Liz Hanson isn’t in much of a position to make demands.
The NDP leader may have seen her party’s ranks in the legislature swell threefold after Tuesday’s territorial election. And she may have a new title, as leader of the Official Opposition.
But she still faces a majority Yukon Party government, and so is not obliged to win opposition support.
It can rule as it pleases.
But making demands is often what the Official Opposition does. So, following the NDP’s first caucus meeting on Thursday, Hanson called a news conference to do exactly that.
Fixing Whitehorse’s acute housing shortage should be the government’s first priority, said Hanson. On this, Premier Darrell Pasloski agrees.
But their solutions differ. Pasloski plans to let the private sector build a new neighbourhood in Mountainview. And he wants to put incentives in place to ensure that affordable apartments, rather than pricey condos, are built.
Hanson is more concerned about homelessness. The tent city that sits adjacent to the legislature is symbolic of the broader housing crisis, she said.
“And if you can’t deal with the symbol, what can you do about the broader problem?”
The territory should house homeless residents in a recently-abandoned building that once served as a medical residence, said Hanson.
“It may not be posh. But it has windows, toilets and running water.”
The NDP will continue to call for the territory to revamp its mining royalty rates. Don’t expect this to get any traction with the pro-mining Yukon Party.
Pasloski’s warned that meddling with royalties would spook industry and cause miners to flee.
During the election campaign, the NDP erroneously suggested that the $5.9 million cheque recently cut by Capstone for the Selkirk First Nation is more handsome than what mines on public land would pay.
That wasn’t true. The cheque was paid using the same royalty formula that will be applied to the Bellekeno and Wolverine mines, once they’ve paid off their capital costs.
Hanson’s dropped references to the Minto cheque. But she insists that mining companies are getting a free ride, thanks to a variety of generous tax breaks.
Hanson wants these loopholes shut. “The whole regime is stacked against paying a profit,” she said. “That’s a public conversation that needs to be held.”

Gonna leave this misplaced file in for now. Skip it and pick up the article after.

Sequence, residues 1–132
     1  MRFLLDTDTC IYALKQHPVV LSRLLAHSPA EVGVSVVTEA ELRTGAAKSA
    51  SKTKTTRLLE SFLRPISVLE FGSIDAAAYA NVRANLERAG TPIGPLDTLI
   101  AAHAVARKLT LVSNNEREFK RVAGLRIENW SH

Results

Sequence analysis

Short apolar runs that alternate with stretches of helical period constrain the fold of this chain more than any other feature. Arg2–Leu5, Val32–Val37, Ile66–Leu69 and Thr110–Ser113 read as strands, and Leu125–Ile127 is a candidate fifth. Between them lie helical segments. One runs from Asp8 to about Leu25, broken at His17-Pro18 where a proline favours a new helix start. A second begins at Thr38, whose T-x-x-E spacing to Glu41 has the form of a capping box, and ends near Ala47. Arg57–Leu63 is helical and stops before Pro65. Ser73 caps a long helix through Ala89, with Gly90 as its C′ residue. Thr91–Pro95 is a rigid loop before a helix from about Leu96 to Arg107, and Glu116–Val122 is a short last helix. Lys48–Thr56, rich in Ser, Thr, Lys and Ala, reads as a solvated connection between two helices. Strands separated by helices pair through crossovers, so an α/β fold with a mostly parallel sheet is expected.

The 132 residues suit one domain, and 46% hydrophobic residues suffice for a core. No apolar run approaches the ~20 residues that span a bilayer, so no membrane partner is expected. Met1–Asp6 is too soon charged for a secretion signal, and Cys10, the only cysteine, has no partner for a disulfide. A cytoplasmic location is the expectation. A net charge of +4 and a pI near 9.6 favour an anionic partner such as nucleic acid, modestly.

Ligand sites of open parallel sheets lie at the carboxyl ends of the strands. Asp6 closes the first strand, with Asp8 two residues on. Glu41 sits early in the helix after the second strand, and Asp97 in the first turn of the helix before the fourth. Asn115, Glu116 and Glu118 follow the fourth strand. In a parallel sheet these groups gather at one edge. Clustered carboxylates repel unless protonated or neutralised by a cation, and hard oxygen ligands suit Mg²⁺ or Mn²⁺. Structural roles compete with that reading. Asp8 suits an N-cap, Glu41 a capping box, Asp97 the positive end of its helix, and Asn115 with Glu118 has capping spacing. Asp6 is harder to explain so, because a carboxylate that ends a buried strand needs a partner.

Placer miners should pay more, too, said Hanson. Currently, they pay just pennies for digging up an ounce of gold.
“I don’t think there’s any cogent argument against that,” said Hanson.
Don’t expect Hanson to push her party’s proposal to have the Yukon Housing Corporation sell subprime mortgages to Yukoners who can’t get bank financing. It appears this has been put on the backburner.
Instead, Hanson says the Yukon needs to partner with Ottawa to offer more help to residents struggling to buy a home.
Regarding the Peel Watershed, Hanson called on Pasloski to “back off the polarizing threats” and support a “balanced” plan.
Pasloski says the exact same thing, although he has very different ideas of what balanced means and who’s doing the polarizing.
It’s become clear that the Yukon Party won’t support the plan to protect four-fifths of the vast swath of northeast Yukon. And there isn’t much Hanson can do about it.
The Yukon Party warns that protecting the Peel would cost the territory a fortune, because of compensation lawsuits launched by miners. But, if that were such a big concern, the Yukon Party should have banned staking in the area when land-use planning talks started, said Hanson.
And the NDP will continue to push for electoral reform – another issue that the Yukon Party has taken a cool attitude towards.
Fifty nine per cent of Yukoners didn’t support the governing party, said Hanson.
“I think people are looking for change. I just can’t stand the same old way of doing stuff.”
Under Todd Hardy, the NDP collaborated with Dennis Fentie’s Yukon Party to pass laws to evict accused drug dealers and ban smoking in the workplace.
But Hardy and Fentie were on friendly terms, dating back to Fentie’s stint as a member of the NDP.
No such relationship exists between Hanson and Pasloski. She’s asked him to meet since he became premier, to no avail.
“There seems to be a problem with the Yukon Party’s functioning telephone,” said Hanson.
“I’ve yet to have a sit-down conversation with him. And that’s not because I haven’t tried.”
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